# Area problem

#### vabamyyr

i started to work on a problem. A point on a plane is away from 3 sequential tips
of rectangular respectively 3, 4, 5 units. Find the area of rectangular. I have an image.

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#### robphy

Homework Helper
Gold Member
Did you mix up alpha and beta? (check the angles in the equations)

#### vabamyyr

on the image alfa and beta were mixed up but corrected now

#### boteet

Hello, I am linguist teacher, I am sorry for posting in your thread, because I really don't know how to start a thread, I have got a problem in math class, i take it as my second degree, very basic but i don't know how to solve it
I have a big square with one point(x,y) inside it, i have tow other small rectangles, with a given width (B), the two rectangles are drawn, divided with lines, into very small squares, then I put one head of one rectanguler into the square at one edge of the square, and the other rectangler is done the same but from the opposite edge, such that the point is on the line from rectanguler to other rectaguler.
But not all rectangler width is inside the square. If i know how many the very small squares in the 2 rectagulers are inside the big square, How can i find the centroid of the big square ?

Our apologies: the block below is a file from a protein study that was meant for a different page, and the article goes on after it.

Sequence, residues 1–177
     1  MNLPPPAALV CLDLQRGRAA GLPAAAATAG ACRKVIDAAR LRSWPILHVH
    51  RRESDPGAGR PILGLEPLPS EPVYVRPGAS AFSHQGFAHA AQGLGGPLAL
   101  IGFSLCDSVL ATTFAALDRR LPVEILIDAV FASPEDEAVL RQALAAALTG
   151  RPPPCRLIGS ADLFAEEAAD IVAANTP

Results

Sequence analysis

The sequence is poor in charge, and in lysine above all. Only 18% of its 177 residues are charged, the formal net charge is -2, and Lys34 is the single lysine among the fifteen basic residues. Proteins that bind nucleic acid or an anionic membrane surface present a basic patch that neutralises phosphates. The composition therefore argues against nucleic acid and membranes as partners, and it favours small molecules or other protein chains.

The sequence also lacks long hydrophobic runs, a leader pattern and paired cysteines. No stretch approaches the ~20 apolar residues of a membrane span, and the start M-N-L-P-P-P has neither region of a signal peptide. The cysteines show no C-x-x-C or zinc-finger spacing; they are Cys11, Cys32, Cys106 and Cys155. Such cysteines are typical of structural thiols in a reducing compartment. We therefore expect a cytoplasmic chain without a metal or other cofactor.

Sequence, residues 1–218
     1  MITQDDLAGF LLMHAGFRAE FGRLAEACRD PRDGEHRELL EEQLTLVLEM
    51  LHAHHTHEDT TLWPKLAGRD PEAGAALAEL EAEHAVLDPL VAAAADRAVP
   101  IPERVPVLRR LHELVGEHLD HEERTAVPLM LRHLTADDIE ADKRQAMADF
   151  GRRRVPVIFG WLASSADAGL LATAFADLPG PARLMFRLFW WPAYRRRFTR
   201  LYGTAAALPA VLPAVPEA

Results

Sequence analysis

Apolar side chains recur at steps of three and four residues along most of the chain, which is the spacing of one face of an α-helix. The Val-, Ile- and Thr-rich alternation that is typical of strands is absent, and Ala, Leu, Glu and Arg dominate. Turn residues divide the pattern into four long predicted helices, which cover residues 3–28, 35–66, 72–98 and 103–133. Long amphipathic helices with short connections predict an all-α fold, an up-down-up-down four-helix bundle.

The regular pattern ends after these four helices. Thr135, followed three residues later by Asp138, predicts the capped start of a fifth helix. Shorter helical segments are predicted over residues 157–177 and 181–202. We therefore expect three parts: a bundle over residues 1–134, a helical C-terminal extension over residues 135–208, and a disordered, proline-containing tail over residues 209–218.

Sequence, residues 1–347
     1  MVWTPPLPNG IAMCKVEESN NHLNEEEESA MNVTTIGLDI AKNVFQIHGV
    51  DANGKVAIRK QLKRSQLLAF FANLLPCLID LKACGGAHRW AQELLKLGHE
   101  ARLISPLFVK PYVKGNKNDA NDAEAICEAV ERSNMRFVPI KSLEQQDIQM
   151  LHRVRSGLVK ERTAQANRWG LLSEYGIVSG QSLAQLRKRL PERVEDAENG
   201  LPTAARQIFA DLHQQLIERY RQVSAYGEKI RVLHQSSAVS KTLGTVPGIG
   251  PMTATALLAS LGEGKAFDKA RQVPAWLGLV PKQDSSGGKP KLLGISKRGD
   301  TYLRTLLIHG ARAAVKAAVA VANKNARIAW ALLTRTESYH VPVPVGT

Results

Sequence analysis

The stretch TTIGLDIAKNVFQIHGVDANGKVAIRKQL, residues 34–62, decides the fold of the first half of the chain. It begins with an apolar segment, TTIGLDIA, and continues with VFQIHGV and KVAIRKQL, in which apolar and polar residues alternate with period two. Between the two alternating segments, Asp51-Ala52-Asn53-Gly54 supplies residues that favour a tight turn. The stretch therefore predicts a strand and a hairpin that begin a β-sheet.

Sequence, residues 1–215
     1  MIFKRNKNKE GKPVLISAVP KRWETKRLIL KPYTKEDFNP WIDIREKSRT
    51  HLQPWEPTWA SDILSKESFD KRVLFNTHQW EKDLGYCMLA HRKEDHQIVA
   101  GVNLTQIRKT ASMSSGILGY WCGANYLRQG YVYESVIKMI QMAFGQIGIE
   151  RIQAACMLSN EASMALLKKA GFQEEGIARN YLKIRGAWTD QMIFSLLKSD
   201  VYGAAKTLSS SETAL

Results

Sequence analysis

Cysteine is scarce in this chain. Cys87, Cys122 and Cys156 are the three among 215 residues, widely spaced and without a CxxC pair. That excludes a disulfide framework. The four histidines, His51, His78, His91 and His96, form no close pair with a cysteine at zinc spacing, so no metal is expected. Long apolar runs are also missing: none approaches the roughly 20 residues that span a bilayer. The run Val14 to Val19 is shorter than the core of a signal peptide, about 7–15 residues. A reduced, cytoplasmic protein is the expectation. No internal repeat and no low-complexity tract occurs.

Thanks a bunch

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#### boteet

can someone help me please ?

#### rachmaninoff

vabamyyr said:
i started to work on a problem. A point on a plane is away from 3 sequential tips...
To find the area, it would be enough to find the lengths of DC and CB, wouldn't it?

You're familiar with the theorem of cosines:

You know EC, EB, and α - can you find CB?
You know @, #, and (α + β) - can you find DC?

alfa and beta
Neat spelling of α - is that Estonian?

#### vabamyyr

i dont know alfa

#### rachmaninoff

If you don't know the angles, then the area is not uniquely specified. This is clear if you try to shift point E downwards, while preserving the three known lengths - both the rectangle's sides increase, and so the area increases. Thus the area would not be uniquely specified.

#### vabamyyr

u have a rectangle and u can find a point which satisfies this condition. I wouldnt say that the area isn`t uniquely specified otherwise why would this task be in a book. And answer should be 12

#### rachmaninoff

A clear example:
(ED=3, EC=4, EB=5)

D----E------C

A------------B

Area of ADCB: 7*3= 21

compare to:

E

D------------C
A----------- B

Area of ADCB: roughly 3.29...

Thus, ED, EC, and EB do not uniquely specify an area for ADCB; you need alfa and beta also.

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#### vabamyyr

any other ideas, i hate to think that this task cannot be done

#### rachmaninoff

It's not the answer you're looking for;

Area = (DC) * (CB)
$$=\left( 3^2+4^2-2 \cdot 3 \cdot 4 \cdot \cos (\alpha + \beta) \right) \left( 4^2+5^2-2 \cdot 4 \cdot 5 \cdot \cos (\alpha) \right)$$
=...

As you see, it's dependent on both "alfa" and beta.

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